The Indianpost

Foster’s poor results clear the way for SABMiller takeover

Analysts said a small increase to SABMiller’s A$4.90-a-share hostile offer could seal the deal after Foster’s did not impress with its full-year results or provide a plausible turnaround strategy.

Shares in Foster’s rose 2pc to A$4.99 cents – nine cents above last week’s hostile tilt from SABMiller – despite earnings falling 8pc to A$817.7m.

Analysts speculated that the lack of a detailed recovery program left the road clear for SABMiller to buy the Australian brewer, either as the current bid price or by a small increase to between A$5.10 and A$5.20-a-share.

Foster’s profits fell thanks to increased costs and a depressed beer market made worse by falling weak consumer confidence and the Queensland floods.

The company said it was committed to a A$500m share buyback scheme or capital reduction but most insiders said this would not be enough to ward off SABMiller’s advances. Investors said management had failed to go into “battle mode” with no clear strategy on how it would resurrect the fortunes of the all-important beer division.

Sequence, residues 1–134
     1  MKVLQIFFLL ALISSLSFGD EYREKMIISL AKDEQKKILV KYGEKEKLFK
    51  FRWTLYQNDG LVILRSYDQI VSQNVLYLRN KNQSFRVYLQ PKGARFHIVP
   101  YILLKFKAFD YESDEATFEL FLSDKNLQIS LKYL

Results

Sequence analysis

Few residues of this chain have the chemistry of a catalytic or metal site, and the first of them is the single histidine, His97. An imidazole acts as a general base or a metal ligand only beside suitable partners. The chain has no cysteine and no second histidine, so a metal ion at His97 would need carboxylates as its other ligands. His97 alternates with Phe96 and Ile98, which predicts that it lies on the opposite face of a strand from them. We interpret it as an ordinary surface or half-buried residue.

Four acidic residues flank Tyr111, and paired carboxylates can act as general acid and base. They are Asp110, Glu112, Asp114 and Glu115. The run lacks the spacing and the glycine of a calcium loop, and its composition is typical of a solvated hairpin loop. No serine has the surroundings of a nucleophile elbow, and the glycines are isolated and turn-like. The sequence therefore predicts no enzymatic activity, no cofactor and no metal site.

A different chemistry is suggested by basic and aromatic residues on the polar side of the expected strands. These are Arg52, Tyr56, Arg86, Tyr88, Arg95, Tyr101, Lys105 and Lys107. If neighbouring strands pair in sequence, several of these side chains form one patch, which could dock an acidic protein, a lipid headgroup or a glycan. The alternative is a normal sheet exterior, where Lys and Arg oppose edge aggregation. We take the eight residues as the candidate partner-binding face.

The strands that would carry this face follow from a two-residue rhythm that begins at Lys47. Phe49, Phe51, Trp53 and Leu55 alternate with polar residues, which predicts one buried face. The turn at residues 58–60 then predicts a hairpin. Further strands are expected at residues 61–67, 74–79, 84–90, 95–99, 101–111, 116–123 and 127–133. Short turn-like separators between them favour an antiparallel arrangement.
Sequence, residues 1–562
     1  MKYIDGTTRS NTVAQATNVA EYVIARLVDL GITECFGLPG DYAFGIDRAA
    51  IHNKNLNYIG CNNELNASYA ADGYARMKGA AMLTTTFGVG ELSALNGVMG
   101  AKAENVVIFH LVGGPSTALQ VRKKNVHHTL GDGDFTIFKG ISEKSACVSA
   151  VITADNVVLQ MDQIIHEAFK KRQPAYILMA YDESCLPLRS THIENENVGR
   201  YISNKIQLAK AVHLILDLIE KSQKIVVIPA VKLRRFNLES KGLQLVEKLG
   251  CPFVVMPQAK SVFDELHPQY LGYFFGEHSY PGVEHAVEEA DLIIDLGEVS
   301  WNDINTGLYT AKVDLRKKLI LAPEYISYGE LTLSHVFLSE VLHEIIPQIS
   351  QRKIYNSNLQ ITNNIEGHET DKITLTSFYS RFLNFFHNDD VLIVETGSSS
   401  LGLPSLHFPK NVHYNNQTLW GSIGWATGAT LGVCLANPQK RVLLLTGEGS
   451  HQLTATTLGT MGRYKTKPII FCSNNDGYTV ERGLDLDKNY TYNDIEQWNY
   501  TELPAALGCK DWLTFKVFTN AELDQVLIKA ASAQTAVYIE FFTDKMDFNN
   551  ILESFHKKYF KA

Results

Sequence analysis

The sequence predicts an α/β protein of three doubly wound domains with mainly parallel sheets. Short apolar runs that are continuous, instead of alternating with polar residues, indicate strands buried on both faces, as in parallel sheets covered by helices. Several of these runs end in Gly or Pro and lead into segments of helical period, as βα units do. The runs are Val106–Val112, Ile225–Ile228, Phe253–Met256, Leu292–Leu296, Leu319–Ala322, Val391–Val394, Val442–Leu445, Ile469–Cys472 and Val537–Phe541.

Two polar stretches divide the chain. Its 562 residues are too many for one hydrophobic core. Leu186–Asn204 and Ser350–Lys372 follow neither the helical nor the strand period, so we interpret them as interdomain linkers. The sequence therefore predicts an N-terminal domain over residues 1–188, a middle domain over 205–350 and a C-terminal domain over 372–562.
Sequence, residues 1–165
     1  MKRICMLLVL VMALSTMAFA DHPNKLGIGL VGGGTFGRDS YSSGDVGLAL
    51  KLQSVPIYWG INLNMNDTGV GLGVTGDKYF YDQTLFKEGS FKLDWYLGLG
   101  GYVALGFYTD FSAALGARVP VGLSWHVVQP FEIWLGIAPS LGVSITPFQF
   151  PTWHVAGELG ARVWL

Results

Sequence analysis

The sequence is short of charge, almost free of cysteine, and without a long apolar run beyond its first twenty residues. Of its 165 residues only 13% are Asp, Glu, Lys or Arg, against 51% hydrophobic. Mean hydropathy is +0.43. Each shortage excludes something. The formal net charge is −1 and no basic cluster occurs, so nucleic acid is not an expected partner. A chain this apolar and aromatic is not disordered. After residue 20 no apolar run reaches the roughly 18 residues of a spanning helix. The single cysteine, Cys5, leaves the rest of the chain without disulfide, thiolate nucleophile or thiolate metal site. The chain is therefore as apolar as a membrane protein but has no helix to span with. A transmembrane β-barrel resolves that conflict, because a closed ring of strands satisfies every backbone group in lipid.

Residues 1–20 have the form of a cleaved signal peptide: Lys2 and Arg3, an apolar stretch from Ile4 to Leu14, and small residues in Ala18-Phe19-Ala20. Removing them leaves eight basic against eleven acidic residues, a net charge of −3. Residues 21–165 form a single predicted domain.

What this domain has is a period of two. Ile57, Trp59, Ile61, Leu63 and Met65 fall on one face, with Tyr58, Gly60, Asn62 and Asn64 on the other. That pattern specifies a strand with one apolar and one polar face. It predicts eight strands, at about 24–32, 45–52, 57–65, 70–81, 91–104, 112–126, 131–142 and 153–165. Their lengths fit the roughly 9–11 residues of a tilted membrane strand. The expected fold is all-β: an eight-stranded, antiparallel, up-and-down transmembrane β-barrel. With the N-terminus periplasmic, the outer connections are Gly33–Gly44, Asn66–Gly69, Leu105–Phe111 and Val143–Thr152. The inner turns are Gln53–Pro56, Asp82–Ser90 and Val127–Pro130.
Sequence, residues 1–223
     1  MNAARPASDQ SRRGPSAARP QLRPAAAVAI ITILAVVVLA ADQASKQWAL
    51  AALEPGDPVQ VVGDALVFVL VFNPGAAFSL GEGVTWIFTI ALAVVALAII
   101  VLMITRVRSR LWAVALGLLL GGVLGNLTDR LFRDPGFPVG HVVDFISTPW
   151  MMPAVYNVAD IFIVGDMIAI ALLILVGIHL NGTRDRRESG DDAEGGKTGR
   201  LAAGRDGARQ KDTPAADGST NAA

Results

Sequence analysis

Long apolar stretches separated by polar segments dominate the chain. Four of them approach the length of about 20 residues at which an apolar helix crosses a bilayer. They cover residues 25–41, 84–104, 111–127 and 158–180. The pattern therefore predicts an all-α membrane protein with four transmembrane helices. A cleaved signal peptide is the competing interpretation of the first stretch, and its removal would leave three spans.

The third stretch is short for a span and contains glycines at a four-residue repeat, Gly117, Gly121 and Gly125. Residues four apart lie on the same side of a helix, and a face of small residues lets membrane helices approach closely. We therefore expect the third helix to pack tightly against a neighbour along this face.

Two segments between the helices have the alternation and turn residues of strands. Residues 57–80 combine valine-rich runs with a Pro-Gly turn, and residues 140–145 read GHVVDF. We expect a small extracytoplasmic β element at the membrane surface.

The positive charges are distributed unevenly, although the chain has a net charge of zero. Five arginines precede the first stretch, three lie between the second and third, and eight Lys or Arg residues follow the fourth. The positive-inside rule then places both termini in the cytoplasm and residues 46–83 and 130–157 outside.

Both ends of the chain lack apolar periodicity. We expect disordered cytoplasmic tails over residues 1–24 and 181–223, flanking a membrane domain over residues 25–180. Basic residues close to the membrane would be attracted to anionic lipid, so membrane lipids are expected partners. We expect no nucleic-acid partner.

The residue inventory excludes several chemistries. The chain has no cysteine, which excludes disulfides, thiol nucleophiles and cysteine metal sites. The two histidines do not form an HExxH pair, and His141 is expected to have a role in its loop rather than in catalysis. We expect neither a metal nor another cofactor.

Only last week, London-listed SABMiller went hostile with a second A$4.90-a-share tilt at Foster’s.

It also began preliminary arrangements for a $12.5bn (£7.6bn) syndicated loan to back its takeover. SAB, headed by South African Graham Mackay, is famed for its tough tactics.

The company is arranging the loan itself and has asked banks to commit $1.6bn each at around 90 basis points over LIBOR – a relatively cheap dollar denominated loan compared with European banks’ dollar funding rates.

The facility – which is yet to be finalised – includes an 18-month bridge loan for just over $8.5bn of bond issues.

Meanwhile, Foster’s chief executive John Pollaers said his company was about halfway through a three-year turnaround, with cashflows improving and cost cuts being reinvested to promote its brands. Mr Pollaers, the sixth chief of the beer group in seven years, made no mention of the SABMiller, instead saying: “The key point is that we’re getting on with business as usual. We are running Foster’s for the long term. We’re as well placed as anyone, and I would almost go as far as saying better positioned than anyone, to manage the interests of our shareholders.”

SABMiller, which makes Peroni, Grolsch and Miller Lite, has long been seen as the favourite to take over Foster’s, given the lack of potential rivals. Advised by JP Morgan Cazenove, RBS and Moelis, SAB has two months to send its bidders statement at the current offer price direct to shareholders.

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